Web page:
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Wednesday, 27 February, 2002, 00:41 GMT
Public millions to save peat bogs
Bog, BBC
English Nature will receive 10m to buy two moors
A multi-million pound deal has been secured to help halt the disappearance of some of the most valuable peat bog habitats in the UK.

The unprecedented scheme to be announced on Wednesday will use taxpayers' money to compensate a major peat extraction company for stopping its operations on three key sites.

Wildlife groups have been campaigning for years to stop large-scale cutting of peat from moorland sites in Britain to meet the huge demand for gardening products.

The bogs take thousands of years to form and support a unique range of plants and animals, including the boghopper beetle and a yellow fly called the hairy canary.

The BBC's environment correspondent Tim Hirsch says the government's wildlife advisers English Nature will be given around 10m to buy two moors in South Yorkshire and one in Cumbria which together form more than half of the UK's total peat production.

Financial fears

The American-based company Scotts, which currently runs the sites, will transfer its staff to conservation work to help restore the bogs to their original state.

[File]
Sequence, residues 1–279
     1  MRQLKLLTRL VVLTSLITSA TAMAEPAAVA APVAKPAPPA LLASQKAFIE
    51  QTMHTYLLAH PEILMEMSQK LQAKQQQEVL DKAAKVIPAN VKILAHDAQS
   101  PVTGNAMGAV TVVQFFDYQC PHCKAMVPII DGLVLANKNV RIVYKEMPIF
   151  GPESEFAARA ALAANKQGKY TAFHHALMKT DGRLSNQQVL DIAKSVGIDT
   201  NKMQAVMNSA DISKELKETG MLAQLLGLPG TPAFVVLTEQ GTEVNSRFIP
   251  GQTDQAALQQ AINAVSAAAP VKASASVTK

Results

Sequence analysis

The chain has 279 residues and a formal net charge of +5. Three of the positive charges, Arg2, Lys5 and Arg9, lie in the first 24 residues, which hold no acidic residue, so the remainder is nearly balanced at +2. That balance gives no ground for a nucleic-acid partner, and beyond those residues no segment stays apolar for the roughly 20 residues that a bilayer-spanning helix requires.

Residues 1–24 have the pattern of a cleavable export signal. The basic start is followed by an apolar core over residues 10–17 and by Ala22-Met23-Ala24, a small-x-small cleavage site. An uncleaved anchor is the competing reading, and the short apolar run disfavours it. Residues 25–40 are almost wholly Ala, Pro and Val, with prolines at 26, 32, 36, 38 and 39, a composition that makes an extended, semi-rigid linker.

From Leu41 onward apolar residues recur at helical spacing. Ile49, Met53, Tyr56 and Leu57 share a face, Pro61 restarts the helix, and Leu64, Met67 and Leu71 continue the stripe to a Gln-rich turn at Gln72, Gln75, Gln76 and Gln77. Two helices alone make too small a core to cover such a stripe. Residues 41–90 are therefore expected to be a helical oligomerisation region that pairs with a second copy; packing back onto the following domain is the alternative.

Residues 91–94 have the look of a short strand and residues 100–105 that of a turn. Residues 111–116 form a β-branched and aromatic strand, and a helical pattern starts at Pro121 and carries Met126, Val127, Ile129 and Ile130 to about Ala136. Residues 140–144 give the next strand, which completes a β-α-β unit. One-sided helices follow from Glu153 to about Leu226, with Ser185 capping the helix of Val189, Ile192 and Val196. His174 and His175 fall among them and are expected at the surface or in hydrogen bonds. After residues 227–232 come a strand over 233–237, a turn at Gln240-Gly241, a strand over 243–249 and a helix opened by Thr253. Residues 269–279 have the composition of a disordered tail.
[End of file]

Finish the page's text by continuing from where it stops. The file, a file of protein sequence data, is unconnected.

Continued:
The move has been welcomed by environmental groups and television gardener Alan Titchmarsh, who says good peat-free alternatives are now available for most jobs in the garden.

Bog, PA
Peat bogs are also popular with bog snorkellers
Last year, peat producers in Somerset warned that they faced financial ruin unless they were allowed to harvest more of the fossil fuel in the county.

In areas where Somerset sinks below sea level, peat provides local landowners with much-needed income. It is sold for use as a fuel and also as garden compost.

Peat producers say the land available from which to dig peat is running out and they need more.

But groups such as Friends of the Earth and the Royal Society for the Protection of Birds have been campaigning for years for measures to stop the peat industry harvesting from wetlands.

Once dug, a field can not be reused for peat production and so the industry is seen by some environmentalists to be ruining the landscape.

See also:

05 Nov 01 | England
Peat industry 'needs' more ground
25 Aug 00 | UK
Protection for peat bogs
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